Holiness and justice – two legs for pursuing a loving and deeply involved God

I was just listening to a lecture by Walter Brueggemann on the Old Testament Law, and he mentioned something and one of the questions asked him by the audience mentioned something that finally shaped a more complete concept in my mind of the role of holiness and justice in Christian life.

Brueggemann doesn’t hesitate to use specific examples in contemporary U.S. American society, specifically addressing the animosity between the largely homogenized polar opposite groups of conservative/Republican/evangelicals and liberal/Democratic/secularists. His specificity in addressing these two camps, and this particular comment about Old Testament Law, helped “unite the two so long divided” in my mind. Psychologically speaking, another epiphany moment where a long-held division of dissonance was resolved to unite my experience, beliefs, and behavioral values in a way that is really rather exhilerating.

Something was mentioned about the Old Testament’s call toward two innate attributes of God. Both these attributes are supported by the Old Testament law, by the narratives told and retold throughout Jewish history, and the teachings of Jesus. From all these founts of wisdom come a testiment to God’s holiness, and a testament to his justice. These are inseparable in our one true God – he is completely Holy and calls us to that same holiness. And he acts on behalf of the poor, oppressed, and enslaved – he is justice, and he calls us to that as well.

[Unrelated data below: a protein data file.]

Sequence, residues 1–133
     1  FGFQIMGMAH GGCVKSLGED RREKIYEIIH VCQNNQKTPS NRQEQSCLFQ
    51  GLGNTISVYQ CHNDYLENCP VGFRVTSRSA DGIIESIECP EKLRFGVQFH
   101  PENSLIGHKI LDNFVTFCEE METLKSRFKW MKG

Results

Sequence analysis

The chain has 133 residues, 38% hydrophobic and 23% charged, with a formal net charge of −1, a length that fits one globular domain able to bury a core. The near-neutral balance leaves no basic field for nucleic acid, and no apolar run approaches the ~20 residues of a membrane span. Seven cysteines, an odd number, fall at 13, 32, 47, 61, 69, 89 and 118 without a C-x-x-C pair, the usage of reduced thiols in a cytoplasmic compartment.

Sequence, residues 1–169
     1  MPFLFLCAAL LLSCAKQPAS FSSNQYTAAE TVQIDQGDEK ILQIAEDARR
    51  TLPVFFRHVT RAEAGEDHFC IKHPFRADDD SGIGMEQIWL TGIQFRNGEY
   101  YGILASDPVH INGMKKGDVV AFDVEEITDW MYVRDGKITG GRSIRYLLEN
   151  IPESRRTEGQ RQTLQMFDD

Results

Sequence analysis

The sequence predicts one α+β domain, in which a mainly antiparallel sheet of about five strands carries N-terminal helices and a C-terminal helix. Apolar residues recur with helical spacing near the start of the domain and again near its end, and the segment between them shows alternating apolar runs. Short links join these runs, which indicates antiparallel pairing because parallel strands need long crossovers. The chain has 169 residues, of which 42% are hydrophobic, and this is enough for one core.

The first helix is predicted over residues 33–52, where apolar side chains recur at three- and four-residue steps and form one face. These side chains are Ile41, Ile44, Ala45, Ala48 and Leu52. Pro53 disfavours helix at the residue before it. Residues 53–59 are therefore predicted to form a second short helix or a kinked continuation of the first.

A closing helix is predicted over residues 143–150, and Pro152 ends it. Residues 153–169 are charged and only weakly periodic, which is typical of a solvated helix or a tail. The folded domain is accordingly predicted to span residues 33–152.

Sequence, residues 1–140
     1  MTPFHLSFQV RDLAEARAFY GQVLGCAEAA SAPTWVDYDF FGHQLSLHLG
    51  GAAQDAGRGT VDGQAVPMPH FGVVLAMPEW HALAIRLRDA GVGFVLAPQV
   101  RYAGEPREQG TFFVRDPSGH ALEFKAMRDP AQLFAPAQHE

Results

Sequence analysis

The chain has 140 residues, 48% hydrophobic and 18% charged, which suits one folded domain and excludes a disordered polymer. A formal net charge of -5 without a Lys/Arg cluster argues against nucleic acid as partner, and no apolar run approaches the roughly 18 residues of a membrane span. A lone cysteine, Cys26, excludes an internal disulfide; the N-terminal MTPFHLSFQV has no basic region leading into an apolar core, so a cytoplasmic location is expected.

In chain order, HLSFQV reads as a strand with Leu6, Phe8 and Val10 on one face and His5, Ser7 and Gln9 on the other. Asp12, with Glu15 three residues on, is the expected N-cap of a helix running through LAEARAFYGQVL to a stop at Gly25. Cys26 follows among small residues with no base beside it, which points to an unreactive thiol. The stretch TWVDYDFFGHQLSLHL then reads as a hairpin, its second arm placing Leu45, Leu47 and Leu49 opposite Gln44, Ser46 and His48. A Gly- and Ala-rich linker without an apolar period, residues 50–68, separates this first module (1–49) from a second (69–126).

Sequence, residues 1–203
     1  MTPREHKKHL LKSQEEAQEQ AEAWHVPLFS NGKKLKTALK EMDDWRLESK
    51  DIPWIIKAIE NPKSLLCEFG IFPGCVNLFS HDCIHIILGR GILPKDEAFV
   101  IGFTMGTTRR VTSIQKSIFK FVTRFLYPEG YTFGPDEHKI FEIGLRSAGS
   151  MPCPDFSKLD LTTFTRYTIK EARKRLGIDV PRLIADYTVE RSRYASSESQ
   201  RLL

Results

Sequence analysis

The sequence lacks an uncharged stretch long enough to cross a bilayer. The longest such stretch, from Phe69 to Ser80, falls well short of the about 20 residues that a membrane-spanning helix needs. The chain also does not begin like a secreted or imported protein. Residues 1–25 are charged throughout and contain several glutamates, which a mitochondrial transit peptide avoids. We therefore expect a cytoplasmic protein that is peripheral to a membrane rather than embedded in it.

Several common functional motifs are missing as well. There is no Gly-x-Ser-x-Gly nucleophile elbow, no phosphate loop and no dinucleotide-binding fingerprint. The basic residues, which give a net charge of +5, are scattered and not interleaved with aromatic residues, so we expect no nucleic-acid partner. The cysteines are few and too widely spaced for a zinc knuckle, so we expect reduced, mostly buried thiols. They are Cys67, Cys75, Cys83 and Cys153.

These two paths are inseparable – justice and holiness bond and reinforce each other in chemical-reactionary type way. Without holiness, the pursuit of justice is pretentious, pejorative, non-sustainable, and exhausting. Without justice, holiness is divisive, self-absorbed, incomplete, and numbing. These two must go together, as we learn they do in the Bible. The Law is given to create a holy people, one set apart from the other nations in their obedience to God. Holiness. The Law also details protection for the widow, the orphan, and the illegal alien, and how a society can live together peacefully by ensuring all its members are cared for. Justice.

The recipe for a whole-hearted pursuit of God is one that is rooted in love, love for him and his holiness, and love for others in a compassionate response of justice.

Brueggemann also makes a critical generalization about U.S. American society that I feel holds true across party lines. Consumerism and materialism is a plague, or at least an ungodly cultural pressure, that infects everything about our daily lives. To perpetuate its momentum and keep consumerism running, our society is kept in a state of fear instead of hope. We see this technique used across party lines.


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